Please see OECD. “BEPS – Frequently Asked Questions.” OECD,2014,available at http://www.oecd.org/ctp/beps-frequentlyaskedquestions.htm. BEPS refers to tax planning strategies that exploit gaps and mismatches in tax rules to make profits ‘disappear’ for tax purposes or to shift profits to locations where there is little or no real activity but the taxes are low, resulting in little or no overall corporate tax being paid.
 Novak Scott, Supra Note 34 Page 42.
 See Lee Sheppard, “International Changes the United States Shouldn’t Have Made” (2014) 76:7 Tax Notes Intl 739 at 739 (“The United States is not serious about taxing U.S. multinationals on their foreign income and does not need the revenue. This fundamental understanding is amply demonstrated by the U.S. attitude toward the base erosion and profit-shifting project, which is a polite pretense of participation with quiet undermining.”); Antony Ting, “The Politics of BEPS – Apple’s International Tax Structure and the US Attitude Towards BEPS” (2015) 69 Bull Intl Tax [forthcoming in 2015] (“It appears that the primary objective of U.S. involvement in the BEPS project is not to avoid double non-taxation, but to minimize the impact of the project on the country and its MNEs.”)
 Joel Williamson,Charles Triplett& Jason Osborn, “US: the Dust from BEPS Still Swirls, Fuelled in the U.S even More by the Wind of Inversion” (3 Sep 2014) International Tax Review, online: <http://www.internationaltaxreview.com/Article/3377036/US-The-dust-from-BEPS-still-swirls-fuelled-in-the-US-even-more-by-the-winds-of-inversion.html>,which is “ ‘special measures’ that would make it easier to recharacterise related party transactions, a subjective anti-avoidance rule on top of a limitation on benefits provision in tax treaties, and an overly burdensome version of the country-by-country reporting template.”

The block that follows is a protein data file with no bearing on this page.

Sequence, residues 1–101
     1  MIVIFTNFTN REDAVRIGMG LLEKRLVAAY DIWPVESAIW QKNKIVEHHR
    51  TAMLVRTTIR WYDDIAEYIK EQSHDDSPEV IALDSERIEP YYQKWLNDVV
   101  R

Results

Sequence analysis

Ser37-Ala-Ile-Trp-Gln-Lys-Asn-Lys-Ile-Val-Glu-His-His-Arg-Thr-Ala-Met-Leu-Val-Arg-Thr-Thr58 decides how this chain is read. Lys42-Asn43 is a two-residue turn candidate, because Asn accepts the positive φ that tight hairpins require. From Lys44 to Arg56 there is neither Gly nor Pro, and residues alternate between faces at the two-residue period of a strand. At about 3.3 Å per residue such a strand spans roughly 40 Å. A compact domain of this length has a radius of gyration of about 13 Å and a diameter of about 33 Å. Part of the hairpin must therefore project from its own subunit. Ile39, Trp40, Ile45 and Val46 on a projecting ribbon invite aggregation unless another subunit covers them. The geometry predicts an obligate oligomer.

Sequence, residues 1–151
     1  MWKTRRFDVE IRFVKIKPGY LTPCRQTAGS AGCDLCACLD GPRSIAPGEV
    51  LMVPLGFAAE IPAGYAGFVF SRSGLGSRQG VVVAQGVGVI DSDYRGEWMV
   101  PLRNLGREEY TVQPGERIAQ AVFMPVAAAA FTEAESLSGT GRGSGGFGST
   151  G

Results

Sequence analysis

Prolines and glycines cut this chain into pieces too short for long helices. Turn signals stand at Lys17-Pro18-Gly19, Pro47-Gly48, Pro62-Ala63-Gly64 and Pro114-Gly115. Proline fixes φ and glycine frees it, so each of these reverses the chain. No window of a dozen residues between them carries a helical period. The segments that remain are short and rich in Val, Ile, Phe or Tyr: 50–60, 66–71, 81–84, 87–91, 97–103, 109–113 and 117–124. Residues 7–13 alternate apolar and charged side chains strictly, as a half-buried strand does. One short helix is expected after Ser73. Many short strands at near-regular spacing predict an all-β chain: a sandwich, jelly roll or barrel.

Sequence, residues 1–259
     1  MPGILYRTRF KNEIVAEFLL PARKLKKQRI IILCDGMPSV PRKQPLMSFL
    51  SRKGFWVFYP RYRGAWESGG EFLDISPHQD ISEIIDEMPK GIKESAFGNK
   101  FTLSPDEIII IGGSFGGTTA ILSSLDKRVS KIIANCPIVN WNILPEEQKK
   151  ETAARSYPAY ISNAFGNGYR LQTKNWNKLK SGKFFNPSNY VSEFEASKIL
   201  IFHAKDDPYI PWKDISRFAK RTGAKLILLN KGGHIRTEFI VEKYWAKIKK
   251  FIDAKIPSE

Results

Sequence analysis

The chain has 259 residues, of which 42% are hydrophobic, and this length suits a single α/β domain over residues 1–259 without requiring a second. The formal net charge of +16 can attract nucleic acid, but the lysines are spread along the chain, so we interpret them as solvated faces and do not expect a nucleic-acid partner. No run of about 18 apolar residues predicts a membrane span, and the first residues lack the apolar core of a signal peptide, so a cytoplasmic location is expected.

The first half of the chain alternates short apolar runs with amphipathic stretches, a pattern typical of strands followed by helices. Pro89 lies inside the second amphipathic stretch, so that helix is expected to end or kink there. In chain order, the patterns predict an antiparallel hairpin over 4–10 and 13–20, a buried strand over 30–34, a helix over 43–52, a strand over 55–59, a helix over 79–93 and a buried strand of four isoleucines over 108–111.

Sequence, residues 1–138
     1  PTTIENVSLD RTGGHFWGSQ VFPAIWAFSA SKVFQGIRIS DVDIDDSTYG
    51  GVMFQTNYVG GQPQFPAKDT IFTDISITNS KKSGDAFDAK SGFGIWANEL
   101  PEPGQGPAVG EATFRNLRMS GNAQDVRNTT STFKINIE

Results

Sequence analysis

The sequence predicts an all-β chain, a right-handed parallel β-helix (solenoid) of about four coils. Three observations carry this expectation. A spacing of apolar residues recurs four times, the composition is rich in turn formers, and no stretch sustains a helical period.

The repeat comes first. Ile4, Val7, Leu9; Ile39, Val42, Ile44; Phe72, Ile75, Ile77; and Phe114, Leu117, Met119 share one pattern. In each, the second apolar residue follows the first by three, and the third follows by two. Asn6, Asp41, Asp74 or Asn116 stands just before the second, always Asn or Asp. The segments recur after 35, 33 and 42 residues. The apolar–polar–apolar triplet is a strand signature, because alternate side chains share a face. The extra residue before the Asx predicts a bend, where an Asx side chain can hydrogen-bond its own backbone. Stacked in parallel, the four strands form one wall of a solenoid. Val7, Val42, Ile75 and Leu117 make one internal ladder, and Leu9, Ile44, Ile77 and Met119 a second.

Daniel J. Mitchell, “Who Americans Should Really Blame for Corporation Inversions” (31 Jan 2016)Fortune, online: <http://fortune.com/2016/01/29/tax-inversions-johnson-controls/Je>.
 Jeff Jacoby, “Protectionism Won’t Make America Great Again. If Anyone Should Know That, Trump Should” (24 Jan 2017) the Boston Globe, online: <https://www.bostonglobe.com/opinion/2017/01/24/protectionism-won-make-american-great-again-anyone-should-know-that-trump-should/srwK5QHcC6VHU1KVEUpuIN/story.html>. Also see Charles Krauthammer, “Trump’s Foreign Policy Revolution”( 26 Jan 2017) National Review, online: <https://www.bostonglobe.com/opinion/2017/01/24/protectionism-won-make-american-great-again-anyone-should-know-that-trump-should/srwK5QHcC6VHU1KVEUpuIN/story.html>.
 Donald Trump’s Election Campaign document, Trump: “Tax Reform Will Make America Again”, available at https://assets.donaldjtrump.com/trump-tax-reform.pdf.
 Martin Feldstein, “Corporate Tax Reform Wouldn’t Fix Trade Deficit, But It’s A Great Idea Anyway”(30 Jan 2017) Market Watch, online: <http://www.marketwatch.com/story/corporate-tax-reform-wouldnt-fix-trade-deficit-but-its-a-great-idea-anyway-2017-01-30>.
 Halah Touryalai, “With Trump Deregulation Order, Is Dodd-Frank A Goner?” (30 Jan 2017)Forbes, online: <http://www.forbes.com/sites/halahtouryalai/2017/01/30/with-trump-deregulation-order-is-dodd-frank-a-goner/#371c3d965ea4>.